Just to confirm, the original soft-deleted mailbox still remains after the restore process:

PS C:\> Get-MsolUser -SearchString testmbx01 -ReturnDeletedUsers

UserPrincipalName       DisplayName isLicensed
-----------------       ----------- ----------
TestMbx01@jebeckham.com TestMbx01   False

PS C:\> Get-Mailbox testmbx01 -InactiveMailboxOnly

Name                     Alias               ServerName       ProhibitSendQuota
----                     -----               ----------       -----------------
TestMbx01                 TestMbx01           sn1pr15mb0207   99 GB (106,300,440,576 bytes)

Perform Recovery Process to New Mailbox with Soft Match

In this example, mailbox TestMbx02 has been soft-deleted for less than 30 days. We will perform a recover to new mailbox TestMbx20. This will initially be a cloud-only account but will then be soft-matched to an on-premises user account object.

As when performing a restore, we need to ensure that there is no ambiguity when working with a soft-deleted mailbox so need to obtain the mailbox's Exchange GUID:

PS C:\> Get-Mailbox testmbx02 -InactiveMailboxOnly | FL Name,DistinguishedName,ExchangeGuid,PrimarySmtpAddress

Name               : TestMbx02
DistinguishedName : CN=TestMbx02,OU=Soft Deleted Objects,OU=jebjeb.onmicrosoft.com,OU=Microsoft Exchange Hosted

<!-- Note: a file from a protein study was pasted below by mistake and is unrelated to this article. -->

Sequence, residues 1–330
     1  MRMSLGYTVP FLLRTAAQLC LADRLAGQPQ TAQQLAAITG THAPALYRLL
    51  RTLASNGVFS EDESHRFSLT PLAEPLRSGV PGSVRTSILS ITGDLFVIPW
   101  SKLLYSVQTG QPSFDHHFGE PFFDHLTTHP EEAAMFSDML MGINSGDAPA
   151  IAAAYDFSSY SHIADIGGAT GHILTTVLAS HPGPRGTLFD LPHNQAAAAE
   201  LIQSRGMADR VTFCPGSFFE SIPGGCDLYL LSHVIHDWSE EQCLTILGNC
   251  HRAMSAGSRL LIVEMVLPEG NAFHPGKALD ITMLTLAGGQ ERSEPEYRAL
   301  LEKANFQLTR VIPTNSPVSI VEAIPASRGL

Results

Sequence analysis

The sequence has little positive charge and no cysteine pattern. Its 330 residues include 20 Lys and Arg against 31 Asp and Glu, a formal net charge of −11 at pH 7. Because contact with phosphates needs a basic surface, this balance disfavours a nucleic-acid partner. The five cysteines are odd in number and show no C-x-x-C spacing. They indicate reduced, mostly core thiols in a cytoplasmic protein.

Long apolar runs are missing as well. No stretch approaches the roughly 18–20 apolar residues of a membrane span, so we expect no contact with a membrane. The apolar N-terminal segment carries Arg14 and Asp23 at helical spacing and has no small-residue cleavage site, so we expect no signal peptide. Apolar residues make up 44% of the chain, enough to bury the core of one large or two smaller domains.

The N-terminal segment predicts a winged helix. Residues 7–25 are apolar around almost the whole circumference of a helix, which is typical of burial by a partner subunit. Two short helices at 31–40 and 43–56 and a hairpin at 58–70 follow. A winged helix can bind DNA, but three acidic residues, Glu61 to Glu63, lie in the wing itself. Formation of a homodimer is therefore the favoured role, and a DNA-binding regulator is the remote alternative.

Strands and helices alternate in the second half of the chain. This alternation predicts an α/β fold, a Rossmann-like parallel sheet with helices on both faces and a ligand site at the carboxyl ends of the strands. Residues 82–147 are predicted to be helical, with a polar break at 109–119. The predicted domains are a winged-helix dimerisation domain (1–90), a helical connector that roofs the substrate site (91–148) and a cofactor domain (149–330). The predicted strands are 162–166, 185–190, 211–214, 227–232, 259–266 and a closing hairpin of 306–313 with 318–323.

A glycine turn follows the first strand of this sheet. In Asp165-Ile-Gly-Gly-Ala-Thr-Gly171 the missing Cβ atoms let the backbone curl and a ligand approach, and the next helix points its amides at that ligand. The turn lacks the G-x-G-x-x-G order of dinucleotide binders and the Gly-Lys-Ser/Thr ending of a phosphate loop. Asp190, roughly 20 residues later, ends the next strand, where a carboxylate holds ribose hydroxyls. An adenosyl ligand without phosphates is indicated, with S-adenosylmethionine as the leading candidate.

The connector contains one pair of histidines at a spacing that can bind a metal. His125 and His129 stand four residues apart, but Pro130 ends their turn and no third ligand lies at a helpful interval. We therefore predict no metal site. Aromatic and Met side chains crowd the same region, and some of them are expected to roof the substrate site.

Organizations,DC=NAMPR15A001,DC=PROD,DC=OUTLOOK,DC=COM
ExchangeGuid       : a0f88755-9b5a-4ba6-8508-e91163807a80
PrimarySmtpAddress : TestMbx02@jebeckham.com

Once we have the GUID, assign the mailbox object to a variable:

PS C:\> $InactiveMailbox = Get-Mailbox -InactiveMailboxOnly -Identity a0f88755-9b5a-4ba6-8508-e91163807a80
PS C:\> $InactiveMailbox

Name                     Alias               ServerName       ProhibitSendQuota
----                     -----               ----------       -----------------
TestMbx02                 TestMbx02           sn6pr15mb2464   99 GB (106,300,440,576 bytes)

Once the inactive mailbox has been identified, perform the actual recover operation. Note that we are creating a new cloud-only account to which the inactive mailbox will be recovered:

PS C:\> New-Mailbox -InactiveMailbox $InactiveMailbox.DistinguishedName -Name TestMbx30 -DisplayName TestMbx30 -MicrosoftOnlineServicesID TestMbx30@jebjeb.onmicrosoft.com -Password (ConvertTo-SecureString -String 'P@ssw0rd' -AsPlainText -Force) -ResetPasswordOnNextLogon $False